Dismiss Notice
Join Physics Forums Today!
The friendliest, high quality science and math community on the planet! Everyone who loves science is here!

Homework Help: Rolling without slipping on a cylindrical surface - need clarification

  1. Feb 10, 2010 #1
    Hi,

    The following is a general question which doesn't have to do with any particular problem. (therefore I am not including the template).
    I understand that when a circular object (e.g: a hoop) rolls on a *flat* surface without slipping with angular speed [tex]\omega[/tex], its contact point, and thereby its center, moves with speed [tex]\omega r[/tex].
    My difficulty is to understand the situation such as a pure roll of a hoop on a cylinder. I would like to understand what is wrong about my following analysis of the situation:

    Let the hoop have radius r and the cylinder radius R, then:
    1. Let the hoop rotate through an angle [tex]\theta[/tex] then its contact point moved a distance [tex]r\theta[/tex].
    2. Let at the same time the angle from the center of the hoop to the center of the cylinder vary by [tex]\varphi[/tex] then the same distance is [tex]R\varphi[/tex]
    3. Therefore [tex]r\theta = R\varphi \Rightarrow r\omega=R\dot{\varphi} [/tex] by differentiating.

    However my Professor says that since there is no slipping, the *center* moves with speed [tex]r\omega[/tex], not the contact point. But according to my analysis, the center should move somewhat faster, since it seems to me that it covers a longer arc than [tex]r\theta[/tex] which the contact point covered after a rotation through [tex]\theta[/tex].

    A clarification: when I say the "contact point moved" I understand that it's changing all the time. I actually refer to the total distance covered by the "bottom" of the hoop.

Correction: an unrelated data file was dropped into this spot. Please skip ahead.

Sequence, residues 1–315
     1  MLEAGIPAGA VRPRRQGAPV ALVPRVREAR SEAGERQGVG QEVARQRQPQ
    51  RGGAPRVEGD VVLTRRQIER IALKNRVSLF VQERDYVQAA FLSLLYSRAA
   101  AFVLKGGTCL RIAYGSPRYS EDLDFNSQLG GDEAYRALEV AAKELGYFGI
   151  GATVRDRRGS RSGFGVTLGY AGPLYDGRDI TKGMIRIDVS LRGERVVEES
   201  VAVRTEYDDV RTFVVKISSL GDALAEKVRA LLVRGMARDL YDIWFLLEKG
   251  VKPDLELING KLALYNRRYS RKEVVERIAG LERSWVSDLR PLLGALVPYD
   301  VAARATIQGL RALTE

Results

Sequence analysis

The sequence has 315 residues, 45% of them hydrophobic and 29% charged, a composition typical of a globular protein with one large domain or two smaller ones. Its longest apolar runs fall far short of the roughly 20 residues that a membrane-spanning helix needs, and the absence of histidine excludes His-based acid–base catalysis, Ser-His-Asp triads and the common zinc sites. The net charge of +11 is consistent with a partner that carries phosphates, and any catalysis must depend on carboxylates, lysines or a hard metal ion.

Your kind help will be very much appreciated,
    Amit
     
  2. jcsd
  3. Feb 11, 2010 #2

    ehild

    User Avatar
    Homework Helper

    See attached picture.
    Assume uniform angular velocities.
    The loops rolls upward on the cylinder. At start, its contact point is marked with blue. When the blue dot is contact point again, the loop has a trace of length s on the rim of the cylinder.The length of this trace is equal to the perimeter of the loop,

    [tex]s=2r\pi[/tex]

    This arc corresponds to the central angle [tex]\phi=2r\pi/R
    [/tex]

    The loop turned by the angle

    [tex]\theta=2\pi+\phi
    [/tex]

    during the time when the blue dot made its next contact with the cylinder. If the angular velocity of the loop is wL, this took the time period of

    [tex]t=(2\pi+\phi)/\omega_L

    [/tex]

    The angular velocity of the centre of the loop is

    [tex]\phi/t= \omega_L\frac{\phi}{(2\pi+\phi)}=\omega_L*\frac{2\pi r/R}{2\pi+2\pi r/R}=\omega_L*\frac{r}{R+r}[/tex]

    The linear velocity of the centre of the loop is


    [tex]v_c=\omega_L*\frac{r}{R+r}*(R+r)=\omega_L*r [/tex]

    Your teacher is right.


    ehild
     
    Last edited: Jun 29, 2010
  4. Feb 11, 2010 #3
    I think I understand now, the hoop rotates through an angle [tex]\phi[/tex] solely on the account of its movement on the cylinder (simply because of the geometry, on flat surfaces this contribution doesn't occur) and through [tex]\theta[/tex] due to rolling without slipping, is that a good way to see it ?

    I think that this is the crucial point I failed to understand until now. Then you derived very clearly why this means that the center moves with linear speed wL*r. I thank you.
     
  5. Feb 11, 2010 #4

    ehild

    User Avatar
    Homework Helper

    Yes, you see it right. The case of Earth orbiting around the sun and rotating at the same time is a similar case. The day is longer than the period of rotation. Or the Moon: We see the same face all the time, but it completes a full rotation around its axis while completing its orbit around the Earth.

    ehild
     
  6. Feb 11, 2010 #5
    I see, indeed these are good examples of the same thing. Thanks again!
     
Share this great discussion with others via Reddit, Google+, Twitter, or Facebook